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Co-op Bank says ethics are in its constitution – but should we believe it?

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We will “[continue] to have regard for the highest standards of ethical principles”, the Co-operative Bank stated in an advert on Monday. This is despite being 70% owned by outside investors, two of which – Silver Point Capital and Aurelius* – led the charge for external ownership.

Appearing in national titles such as the Guardian, the Financial Times, the Daily Telegraph and the Sun, along with a number of trade publications, the advert says the Co-op’s ethics have “stayed the same” during its recent rocky period.

Whether that’s the commitments we’ve made to our customers’ values over the years to do things differently, or our refusal to bank with businesses we don’t believe meet our values. We now believe that we must go even further than before to ensure that those beliefs are set in stone, both for our customers, and for us”, it adds.

Its flagship ethical code, which in the past led to it being lauded as the high street’s leading ethical player, has apparently been written into the Co-op’s legally-binding constitution. Meanwhile, a new independent values and ethics committee is to be set up to help protect this culture. The BBC’s business editor Robert Peston added, “Co-op Group will have the right to strip the bank of the ‘Co-op’ moniker if it starts lending money to clubbers of seal pups or in any other way doesn’t behave as its customers would want.”

Click here to read The Guide to Sustainable Banking 2013

The Co-op advert, signed by group CEO Euan Sutherland and bank CEO Niall Booker, concludes, “Over the years, our ethical policy has made the Co-operative Bank special for millions of people. By continuing to have regard for the highest standards of ethical principles we are more committed than ever to ensuring that the Co-operative Bank remains just as special for years to come.”

While it may be encouraging for Co-op customers to see such steadfastness over the ethical policies that attracted many of them to open accounts in the first place, the advert comes alongside news that at least 15% of the bank’s branches will close as part of its £1.5 billion recapitalisation plan. You don’t have to have the keenest sense of smell in the world to get the scent of marketing spin.

Indeed, Andre Spicer, professor of organisational behaviour at Cass Business School, said, “Cutting 1,000 jobs at the same time as you launch an ethics policy is quite a contradiction. It is likely to alienate many of the bank’s customers. The result could be customers leaving.

Fortunately for the Co-op Bank, most bank customers are lazy – only changing banks every couple of decades. Maintaining the bank’s ethical culture in the face of job cuts and public vilification is going to be hard. It is likely many staff will feel disheartened and ask themselves if this is what they signed up for.”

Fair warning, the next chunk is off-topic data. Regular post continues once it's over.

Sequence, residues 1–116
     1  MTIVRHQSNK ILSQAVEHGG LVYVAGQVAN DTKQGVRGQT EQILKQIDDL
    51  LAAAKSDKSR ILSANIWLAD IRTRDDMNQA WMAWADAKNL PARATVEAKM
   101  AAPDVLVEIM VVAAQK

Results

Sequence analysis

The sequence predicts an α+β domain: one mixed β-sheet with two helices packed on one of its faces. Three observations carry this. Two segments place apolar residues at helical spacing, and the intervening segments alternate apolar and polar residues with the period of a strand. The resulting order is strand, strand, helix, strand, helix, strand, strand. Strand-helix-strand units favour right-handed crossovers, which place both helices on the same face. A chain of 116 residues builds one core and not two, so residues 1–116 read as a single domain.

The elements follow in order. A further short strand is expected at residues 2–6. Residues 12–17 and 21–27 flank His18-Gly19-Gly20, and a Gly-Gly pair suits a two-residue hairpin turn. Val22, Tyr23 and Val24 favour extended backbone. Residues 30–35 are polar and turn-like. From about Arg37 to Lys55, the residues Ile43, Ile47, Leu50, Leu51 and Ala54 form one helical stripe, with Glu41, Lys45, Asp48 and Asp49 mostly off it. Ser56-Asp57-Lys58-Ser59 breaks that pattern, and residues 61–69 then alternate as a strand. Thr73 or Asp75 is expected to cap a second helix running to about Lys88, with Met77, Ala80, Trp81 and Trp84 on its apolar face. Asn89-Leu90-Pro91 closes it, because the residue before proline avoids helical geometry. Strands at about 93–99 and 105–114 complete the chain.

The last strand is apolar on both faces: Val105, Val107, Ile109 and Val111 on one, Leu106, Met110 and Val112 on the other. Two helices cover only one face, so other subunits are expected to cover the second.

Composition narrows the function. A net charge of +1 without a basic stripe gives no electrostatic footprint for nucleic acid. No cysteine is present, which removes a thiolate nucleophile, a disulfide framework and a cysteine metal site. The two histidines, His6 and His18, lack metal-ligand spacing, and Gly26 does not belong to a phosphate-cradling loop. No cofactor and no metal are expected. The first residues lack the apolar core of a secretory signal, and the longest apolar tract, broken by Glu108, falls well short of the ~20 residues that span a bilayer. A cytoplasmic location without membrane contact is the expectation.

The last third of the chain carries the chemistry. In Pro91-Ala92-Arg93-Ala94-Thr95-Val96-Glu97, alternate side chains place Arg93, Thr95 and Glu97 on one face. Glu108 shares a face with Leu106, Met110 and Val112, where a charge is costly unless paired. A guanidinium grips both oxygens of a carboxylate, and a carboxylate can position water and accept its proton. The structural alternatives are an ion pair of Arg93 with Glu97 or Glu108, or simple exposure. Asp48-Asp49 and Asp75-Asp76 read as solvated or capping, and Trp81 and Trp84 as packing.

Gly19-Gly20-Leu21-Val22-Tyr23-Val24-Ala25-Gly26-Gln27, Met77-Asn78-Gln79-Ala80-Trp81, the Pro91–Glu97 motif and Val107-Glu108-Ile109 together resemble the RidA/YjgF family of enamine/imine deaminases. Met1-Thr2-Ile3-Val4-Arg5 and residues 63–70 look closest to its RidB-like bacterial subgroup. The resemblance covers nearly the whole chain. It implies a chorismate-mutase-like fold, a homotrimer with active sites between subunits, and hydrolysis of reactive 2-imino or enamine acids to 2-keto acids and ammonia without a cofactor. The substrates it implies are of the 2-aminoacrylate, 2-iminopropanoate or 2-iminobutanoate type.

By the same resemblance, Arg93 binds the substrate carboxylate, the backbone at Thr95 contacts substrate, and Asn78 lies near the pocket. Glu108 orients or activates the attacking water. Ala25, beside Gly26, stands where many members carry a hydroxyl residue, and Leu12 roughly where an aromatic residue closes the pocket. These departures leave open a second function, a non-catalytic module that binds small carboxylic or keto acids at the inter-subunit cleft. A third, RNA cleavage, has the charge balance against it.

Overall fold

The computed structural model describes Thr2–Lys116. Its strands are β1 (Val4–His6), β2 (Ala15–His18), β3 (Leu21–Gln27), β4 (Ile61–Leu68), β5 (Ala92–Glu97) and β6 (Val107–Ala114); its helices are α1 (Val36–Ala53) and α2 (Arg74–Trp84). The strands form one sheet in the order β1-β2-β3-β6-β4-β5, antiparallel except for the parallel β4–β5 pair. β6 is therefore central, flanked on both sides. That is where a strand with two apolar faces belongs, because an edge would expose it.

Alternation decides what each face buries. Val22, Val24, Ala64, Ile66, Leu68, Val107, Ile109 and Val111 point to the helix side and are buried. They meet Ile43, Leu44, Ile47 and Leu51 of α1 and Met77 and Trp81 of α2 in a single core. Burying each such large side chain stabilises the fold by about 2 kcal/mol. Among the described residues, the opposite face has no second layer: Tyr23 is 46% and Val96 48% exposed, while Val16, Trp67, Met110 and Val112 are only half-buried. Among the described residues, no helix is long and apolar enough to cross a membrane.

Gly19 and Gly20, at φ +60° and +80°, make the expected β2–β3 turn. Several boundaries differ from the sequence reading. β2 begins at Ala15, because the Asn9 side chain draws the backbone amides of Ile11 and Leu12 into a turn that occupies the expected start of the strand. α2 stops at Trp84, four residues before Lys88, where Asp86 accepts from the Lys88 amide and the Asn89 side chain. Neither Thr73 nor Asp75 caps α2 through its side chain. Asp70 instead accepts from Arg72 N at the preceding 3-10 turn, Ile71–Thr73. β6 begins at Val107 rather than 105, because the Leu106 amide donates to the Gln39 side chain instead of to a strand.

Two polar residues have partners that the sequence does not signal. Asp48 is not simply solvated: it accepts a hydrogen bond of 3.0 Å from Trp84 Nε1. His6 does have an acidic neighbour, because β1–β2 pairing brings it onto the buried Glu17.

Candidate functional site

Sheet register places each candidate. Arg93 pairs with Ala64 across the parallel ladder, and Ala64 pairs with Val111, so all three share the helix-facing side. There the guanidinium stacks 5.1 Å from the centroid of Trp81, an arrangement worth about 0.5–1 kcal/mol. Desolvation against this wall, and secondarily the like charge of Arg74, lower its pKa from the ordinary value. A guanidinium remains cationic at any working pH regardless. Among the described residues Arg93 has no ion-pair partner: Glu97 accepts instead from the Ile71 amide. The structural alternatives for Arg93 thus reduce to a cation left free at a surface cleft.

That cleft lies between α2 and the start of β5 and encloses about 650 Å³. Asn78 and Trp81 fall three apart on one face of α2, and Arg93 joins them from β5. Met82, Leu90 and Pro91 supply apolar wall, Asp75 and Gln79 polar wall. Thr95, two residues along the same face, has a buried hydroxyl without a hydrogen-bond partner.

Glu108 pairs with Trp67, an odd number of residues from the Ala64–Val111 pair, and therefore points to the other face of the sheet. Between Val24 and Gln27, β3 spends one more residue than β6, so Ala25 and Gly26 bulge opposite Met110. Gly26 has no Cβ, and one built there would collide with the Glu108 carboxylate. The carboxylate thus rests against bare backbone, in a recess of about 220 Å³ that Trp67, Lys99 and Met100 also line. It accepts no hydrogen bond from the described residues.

Despite this, the Co-op’s pledge has been largely welcomed – even if its initial decision to allow hedge funds to invest was met with derision. Laura Willoughby, chief executive of Move Your Money, described its ethical commitment as “great news for customers and excellent news for the banking sector”.

She added, “We know that customers want a bank that is better and if Co-op keeps its pledge, it still makes it an ethical alternative to the big four banks who still don’t care at all.”

Meanwhile Ed Mayo, secretary-general of trade body Co-operatives UK, said, “We have seen the announcement of the recapitalisation plan for the Co-operative Bank and will conduct a full technical analysis of the constitution once it has been released. We are of course welcoming of the bank’s continued commitment to adopt an ethical stance.”

Some are slightly more sceptical, though. Shaun Fensom from the Save Our Bank campaign said, “Today’s announcement from the Co-operative Bank contains some welcome pledges. However, we are missing the cast-iron commitment that the bank’s ethical policy will be set in stone, not some ambiguous ethical code. We need an independent audit and warts and all reporting.”

Fensom outlined that the Save Our Bank campaign, which was set up in October to seek to preserve the Co-op’s ethical principles, wanted “both real guarantees on ethics and a plan to return to mutual ownership.”

Save Our Bank, alongside a range of other charities and NGOs that banked with the Co-op, recently wrote to the bank to urge it to maintain its ethics.

John Sauven, executive director of Greenpeace UK, said, “A major reason Greenpeace banked with the Co-operative Bank is that it was one of the few to have grasped the need for our society to wean itself off fossil fuels. It’s important to Greenpeace and our supporters that such farsighted commitments continue.”

For some individuals, the Co-op’s recent turmoil has led them to consider more ethical and responsible alternatives. Their exits were aided with the introduction of the new seven-day switching scheme in September.

One former customer, Jo Owen, wrote about her reasons for ditching the Co-op in favour of Nationwide on Blue & Green Tomorrow in August. Speaking about Monday’s announcement, she said, “I’m pleased to see that their commitment to ethical banking has been enshrined in their articles of association.